Tattoo of Archangel Michael Discovered on 1,300 Year-Old Mummy

Barbara Boland
By Barbara Boland | March 28, 2014 | 10:13 AM EDT

A tattoo has been discovered on the inner thigh of a 1,300 year-old Sudanese woman's body from the Nile River region. The British Museum has taken eight mummies and sent them to hospitals for advanced medical testing including CAT scans, reports The Telegraph.

This particular woman, thought to be Sudanese, has "the first evidence of a tattoo from this period. This is a very rare find," said Dr. Antoine. Her tattoo was visible with the naked eye but, "You can see her tattoo really clearly using infra-red reflectography. The tattoo on her right inner thigh represents a monogram that spells Michael in ancient Greek."

The tattoo represents the symbol of the Archangel Michael, featured in both the Old and New Testaments. "The symbol has previously been found in ancient churches and on stone tablets, but never before in the form of a tattoo," The Telegraph reports. The tattoo spells out the symbols for "Mixaha" or Michael, in ancient Greek.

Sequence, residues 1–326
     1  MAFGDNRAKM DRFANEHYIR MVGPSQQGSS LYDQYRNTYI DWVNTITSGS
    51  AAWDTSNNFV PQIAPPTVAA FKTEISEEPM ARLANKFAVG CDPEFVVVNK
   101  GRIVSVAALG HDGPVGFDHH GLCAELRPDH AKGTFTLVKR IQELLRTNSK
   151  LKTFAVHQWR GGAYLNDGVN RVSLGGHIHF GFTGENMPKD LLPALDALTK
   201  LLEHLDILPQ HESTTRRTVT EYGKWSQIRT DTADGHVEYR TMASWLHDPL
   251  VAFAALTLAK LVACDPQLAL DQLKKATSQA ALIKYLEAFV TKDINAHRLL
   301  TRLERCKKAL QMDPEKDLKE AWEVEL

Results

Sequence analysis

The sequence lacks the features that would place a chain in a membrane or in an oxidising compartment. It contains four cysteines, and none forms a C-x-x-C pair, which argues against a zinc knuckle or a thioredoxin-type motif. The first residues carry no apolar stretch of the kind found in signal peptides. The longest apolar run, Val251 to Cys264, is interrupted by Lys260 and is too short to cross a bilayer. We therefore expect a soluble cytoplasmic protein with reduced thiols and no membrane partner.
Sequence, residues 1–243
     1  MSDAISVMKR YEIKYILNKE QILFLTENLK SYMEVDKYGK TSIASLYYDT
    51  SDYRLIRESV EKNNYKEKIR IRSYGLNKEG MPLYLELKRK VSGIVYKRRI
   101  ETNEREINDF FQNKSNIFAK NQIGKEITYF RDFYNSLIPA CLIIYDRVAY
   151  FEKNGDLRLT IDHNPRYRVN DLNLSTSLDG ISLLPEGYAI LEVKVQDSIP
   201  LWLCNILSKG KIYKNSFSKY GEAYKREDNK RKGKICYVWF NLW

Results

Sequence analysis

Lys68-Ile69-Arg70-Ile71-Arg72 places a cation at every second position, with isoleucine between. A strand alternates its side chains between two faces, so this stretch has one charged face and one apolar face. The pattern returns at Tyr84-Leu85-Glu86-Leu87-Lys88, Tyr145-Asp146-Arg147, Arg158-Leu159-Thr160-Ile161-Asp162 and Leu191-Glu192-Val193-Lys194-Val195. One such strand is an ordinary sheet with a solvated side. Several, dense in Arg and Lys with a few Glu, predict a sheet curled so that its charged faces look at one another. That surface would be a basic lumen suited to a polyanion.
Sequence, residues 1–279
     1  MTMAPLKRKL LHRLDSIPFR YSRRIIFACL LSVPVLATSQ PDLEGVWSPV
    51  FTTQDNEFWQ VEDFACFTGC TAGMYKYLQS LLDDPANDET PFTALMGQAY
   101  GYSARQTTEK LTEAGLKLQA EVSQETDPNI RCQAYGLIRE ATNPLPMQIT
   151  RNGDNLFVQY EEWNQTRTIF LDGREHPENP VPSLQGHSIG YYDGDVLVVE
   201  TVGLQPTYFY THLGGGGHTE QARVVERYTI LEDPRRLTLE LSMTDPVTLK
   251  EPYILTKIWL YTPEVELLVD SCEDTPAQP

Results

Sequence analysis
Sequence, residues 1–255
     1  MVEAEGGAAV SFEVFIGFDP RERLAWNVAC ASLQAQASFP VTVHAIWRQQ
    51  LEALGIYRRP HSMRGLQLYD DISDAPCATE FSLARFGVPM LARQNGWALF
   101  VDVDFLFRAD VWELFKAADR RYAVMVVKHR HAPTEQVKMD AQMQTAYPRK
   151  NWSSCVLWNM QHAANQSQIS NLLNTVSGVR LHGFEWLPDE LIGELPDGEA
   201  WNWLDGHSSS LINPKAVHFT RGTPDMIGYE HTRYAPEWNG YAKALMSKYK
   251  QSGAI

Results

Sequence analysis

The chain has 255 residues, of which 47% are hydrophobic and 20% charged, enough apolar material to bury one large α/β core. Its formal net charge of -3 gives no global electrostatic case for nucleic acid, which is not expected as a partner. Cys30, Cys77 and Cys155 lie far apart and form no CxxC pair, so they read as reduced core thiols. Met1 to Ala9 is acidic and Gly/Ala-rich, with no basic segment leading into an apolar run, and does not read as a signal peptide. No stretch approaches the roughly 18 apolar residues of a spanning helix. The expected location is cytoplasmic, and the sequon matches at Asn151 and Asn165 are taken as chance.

Tattoo Image Courtesy of Trustees of the British Museum

The woman's body was found on an archaeological dig in a cemetery in Sudan in 2005. She was between 20 to 35 years old when she died, and stood at 5 feet 2 inches tall. She was not mummified on purpose, but preserved accidentally by nature due to the dry, arid conditions where she was buried.

The medical investigation which the British Museum has subjected the eight mummies to has shed new light on health in bygone eras: two of the mummies had heart problems, and the majority had terrible dental health (that could have led to their deaths.)

John Taylor, head curator in the Ancient Egypt and Sudan Department at the British Museum, stressed to The Telegraph that the project's goal is to highlight the humanity of the mummies and not to present them as historical relics:

"We want to promote the idea these are not objects but real human beings. We want to capture the humanity of these people....We captured some amazing images and discovered a lot about these mummies even though some of them have been here at the museum for 100 years or more. Most of the remains have never had the bandages taken off."